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Release No. 11-101
July 20, 2011
DOCTOR PLEADS GUILTY TO 18 DRUG TRAFFICKING CHARGES FOR DISPENSING NARCOTICS WITHOUT EXAMINING ‘PATIENTS’
LOS ANGELES – A medical doctor who maintained clinics in Downey and the Westlake District pleaded guilty this afternoon to federal narcotics charges for distributing powerful and addictive painkillers to “patients” he did not examine and who simply paid cash for prescriptions.
Nazar Al Bussam, 72, of Newport Coast, pleaded guilty to 18 felony charges, including conspiracy and distributing controlled substances without a legitimate medical
Al Bussam pleaded guilty before United States District Judge S. James Otero, who scheduled a sentencing hearing for October 5. As a result of today’s guilty pleas, Al Bussam faces a statutory maximum sentence of 230 years in federal prison, a lifetime period of supervised release, and a fine of up to $11.5 million.
In a plea agreement filed last night in United States District Court, Al Bussam admitted that on numerous occasions in 2009 and 2010 he distributed oxycodone, hydromorphone, hydrocodone, alprazolam, and promethazine with codeine. He admitted that he wrote prescriptions for these narcotics that were outside of the usual course of professional practice and without a legitimate medical purpose. Al Bussam sold the prescriptions to individuals for cash, and the individuals later filled the prescriptions at pharmacies.
“Doctor Al Bussam abused his position to line his pockets by supplying narcotics to people involved in street-level drug dealing,” said United States Attorney André Birotte Jr. “In doing so, Al Bussam violated his oath to ‘do no harm’ and contributed to the growing problem of prescription drug abuse.”
Al Bussam wrote prescriptions to cash-paying customers and undercover agents with the Drug Enforcement Administration and the Medical Board of California. Al Bussam specifically admitted that he illegally wrote prescriptions for oxycodone, which is sold under a number of brand names, including Percocet; hydromorphone, which is sold under the brand name, Dilaudid; hydrocodone, which is commonly sold under the brand names Vicodin, Norco and Lortab; alprazolam, which is marketed under the brand name Xanax; and promethazine with codeine, which is used to make a street concoction variously known as “sizzurp,” “purple drank” or “lean.”
Al Bussam was arrested last October at his Westlake clinic, along with two of his employees – Rosemary Mendoza, 75, of West Covina, and Santiago Mendoza (also known as “James Park”), 82, of Corona. Santiago Mendoza has pleaded guilty and is scheduled to be sentenced later this year. Rosemary Mendoza entered into a diversion agreement with the United States.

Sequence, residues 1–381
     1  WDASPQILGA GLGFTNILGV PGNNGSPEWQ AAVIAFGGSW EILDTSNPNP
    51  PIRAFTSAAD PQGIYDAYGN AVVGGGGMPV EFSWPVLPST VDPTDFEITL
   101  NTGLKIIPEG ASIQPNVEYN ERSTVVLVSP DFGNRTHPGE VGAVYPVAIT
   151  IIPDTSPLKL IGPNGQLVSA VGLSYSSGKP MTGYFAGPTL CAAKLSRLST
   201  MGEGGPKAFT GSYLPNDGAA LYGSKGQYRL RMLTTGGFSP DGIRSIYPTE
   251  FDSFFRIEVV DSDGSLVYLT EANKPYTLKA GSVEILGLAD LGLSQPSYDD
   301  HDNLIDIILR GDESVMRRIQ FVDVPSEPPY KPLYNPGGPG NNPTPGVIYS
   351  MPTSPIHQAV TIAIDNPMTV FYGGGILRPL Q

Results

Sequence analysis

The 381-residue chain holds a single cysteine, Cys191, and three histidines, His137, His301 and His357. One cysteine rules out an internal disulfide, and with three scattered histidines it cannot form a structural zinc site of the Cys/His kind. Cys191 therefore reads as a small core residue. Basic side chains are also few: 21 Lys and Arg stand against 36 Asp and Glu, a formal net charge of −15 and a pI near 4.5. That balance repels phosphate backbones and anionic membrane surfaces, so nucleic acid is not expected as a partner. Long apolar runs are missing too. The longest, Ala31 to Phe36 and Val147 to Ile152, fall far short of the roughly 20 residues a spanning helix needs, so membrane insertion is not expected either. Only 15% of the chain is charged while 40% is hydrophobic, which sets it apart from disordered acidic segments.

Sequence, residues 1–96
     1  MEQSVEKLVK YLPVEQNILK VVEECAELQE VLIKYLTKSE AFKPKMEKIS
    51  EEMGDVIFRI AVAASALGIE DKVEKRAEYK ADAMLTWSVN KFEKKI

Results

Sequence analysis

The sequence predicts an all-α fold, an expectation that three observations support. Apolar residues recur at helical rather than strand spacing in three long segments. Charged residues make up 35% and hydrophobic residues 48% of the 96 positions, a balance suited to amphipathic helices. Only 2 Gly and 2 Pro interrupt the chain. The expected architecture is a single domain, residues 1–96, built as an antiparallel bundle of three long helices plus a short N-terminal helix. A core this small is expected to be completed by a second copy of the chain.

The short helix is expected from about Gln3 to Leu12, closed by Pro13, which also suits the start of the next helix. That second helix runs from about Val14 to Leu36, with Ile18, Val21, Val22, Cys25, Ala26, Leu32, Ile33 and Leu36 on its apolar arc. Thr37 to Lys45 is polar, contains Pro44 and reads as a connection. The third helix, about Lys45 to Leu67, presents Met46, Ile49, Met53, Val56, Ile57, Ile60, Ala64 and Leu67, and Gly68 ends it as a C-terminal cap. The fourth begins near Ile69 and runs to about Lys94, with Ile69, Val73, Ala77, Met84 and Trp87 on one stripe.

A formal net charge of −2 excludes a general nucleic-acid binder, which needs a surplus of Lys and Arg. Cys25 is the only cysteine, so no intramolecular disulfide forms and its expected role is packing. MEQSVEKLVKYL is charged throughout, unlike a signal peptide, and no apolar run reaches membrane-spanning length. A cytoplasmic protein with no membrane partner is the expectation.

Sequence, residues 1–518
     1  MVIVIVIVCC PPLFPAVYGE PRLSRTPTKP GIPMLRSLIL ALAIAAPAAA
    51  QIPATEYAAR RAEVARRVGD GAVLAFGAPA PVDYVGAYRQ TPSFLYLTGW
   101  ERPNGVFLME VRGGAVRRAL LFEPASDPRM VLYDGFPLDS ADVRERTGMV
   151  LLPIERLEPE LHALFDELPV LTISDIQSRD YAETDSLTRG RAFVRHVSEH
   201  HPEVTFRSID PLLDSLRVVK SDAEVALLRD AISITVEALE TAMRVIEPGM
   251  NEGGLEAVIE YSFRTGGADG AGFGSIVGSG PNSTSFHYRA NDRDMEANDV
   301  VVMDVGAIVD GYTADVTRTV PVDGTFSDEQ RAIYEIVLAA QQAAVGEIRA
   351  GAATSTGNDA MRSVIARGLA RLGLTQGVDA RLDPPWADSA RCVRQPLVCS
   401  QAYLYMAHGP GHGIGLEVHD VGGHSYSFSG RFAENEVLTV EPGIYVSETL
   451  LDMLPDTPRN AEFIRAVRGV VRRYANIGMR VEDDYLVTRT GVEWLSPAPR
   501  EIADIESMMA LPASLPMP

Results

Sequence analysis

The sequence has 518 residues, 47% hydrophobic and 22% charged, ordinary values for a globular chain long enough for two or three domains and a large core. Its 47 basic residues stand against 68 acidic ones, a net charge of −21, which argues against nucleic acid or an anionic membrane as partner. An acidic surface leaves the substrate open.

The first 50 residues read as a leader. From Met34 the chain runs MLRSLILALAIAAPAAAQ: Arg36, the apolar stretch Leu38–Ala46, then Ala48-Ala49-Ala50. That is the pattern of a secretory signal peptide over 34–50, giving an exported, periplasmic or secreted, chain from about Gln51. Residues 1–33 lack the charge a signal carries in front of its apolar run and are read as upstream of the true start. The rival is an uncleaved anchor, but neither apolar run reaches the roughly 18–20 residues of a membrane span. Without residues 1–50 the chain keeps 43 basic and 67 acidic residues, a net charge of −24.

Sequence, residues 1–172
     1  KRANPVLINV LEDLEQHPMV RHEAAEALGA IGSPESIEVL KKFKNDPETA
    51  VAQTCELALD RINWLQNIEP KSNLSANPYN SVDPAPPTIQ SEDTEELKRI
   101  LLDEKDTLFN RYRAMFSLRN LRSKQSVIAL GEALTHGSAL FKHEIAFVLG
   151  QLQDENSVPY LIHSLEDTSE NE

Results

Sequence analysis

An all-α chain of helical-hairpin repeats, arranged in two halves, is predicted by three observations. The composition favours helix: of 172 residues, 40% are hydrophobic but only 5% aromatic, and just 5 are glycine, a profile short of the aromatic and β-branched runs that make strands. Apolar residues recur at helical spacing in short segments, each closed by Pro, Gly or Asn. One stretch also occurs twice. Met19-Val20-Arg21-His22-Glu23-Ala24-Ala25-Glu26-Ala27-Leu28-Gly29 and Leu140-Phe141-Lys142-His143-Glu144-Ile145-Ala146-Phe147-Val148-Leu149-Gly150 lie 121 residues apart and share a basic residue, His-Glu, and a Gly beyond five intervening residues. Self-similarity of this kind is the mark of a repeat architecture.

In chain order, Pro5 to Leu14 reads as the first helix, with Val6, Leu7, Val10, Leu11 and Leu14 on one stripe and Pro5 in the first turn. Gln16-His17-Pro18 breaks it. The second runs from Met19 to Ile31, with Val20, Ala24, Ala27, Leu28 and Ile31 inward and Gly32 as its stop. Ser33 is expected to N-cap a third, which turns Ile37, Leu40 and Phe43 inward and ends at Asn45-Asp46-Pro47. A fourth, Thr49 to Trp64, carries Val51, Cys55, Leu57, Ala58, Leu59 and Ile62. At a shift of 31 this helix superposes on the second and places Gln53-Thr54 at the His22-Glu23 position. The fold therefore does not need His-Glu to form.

According to court documents, Al Bussam came to the attention of the DEA in 2007 when a review of DEA databases indicated Al Bussam was among the top 10 prescribers of controlled substances in the Los Angeles area. In addition, several pharmacies in the Los Angeles area had contacted the DEA regarding Al Bussam’s unusual and suspicious prescribing practices. An affidavit previously filed in this case noted that several of Al Bussam’s “patients” were arrested in California and Texas for illegally selling drugs prescribed by the doctor.
As part of the investigation, undercover operatives went to Al Bussam’s clinic, saw the doctor and purchased prescriptions for various controlled substances, paying $200 in cash for each prescription on the first visit, and $100 in follow-up visits.
According to court documents, the DEA reviewed records related to Al Bussam prescriptions and estimated that in recent years the doctor received well over $1 million annually from illicit prescriptions.
In the plea agreement filed this afternoon, Al Bussam agreed to forfeit more than $450,000 that was seized by authorities in the course of this investigation.
“Statistics concerning prescription drug abuse reveal a disturbing trend, that the number of individuals abusing prescription drugs exceeds the number of current users of cocaine, heroin, hallucinogens and methaphetamine combined. Every day more than 2,100 12- to 17-year-olds abuse a prescription drug for the first time,” said Timothy J. Landrum, Special Agent in Charge of the DEA. “Reducing prescription drug abuse is vital to our communities and a priority for DEA. Unfortunately, some doctors abuse their authority and prescribe these drugs for no medical purpose. DEA will continue to work with our law enforcement partners to ensure those who endanger our citizens are brought to justice.”
The investigation in this case was conducted by the Drug Enforcement Administration, which received assistance from the Los Angeles County Sheriff’s Department and the Medical Board of California.
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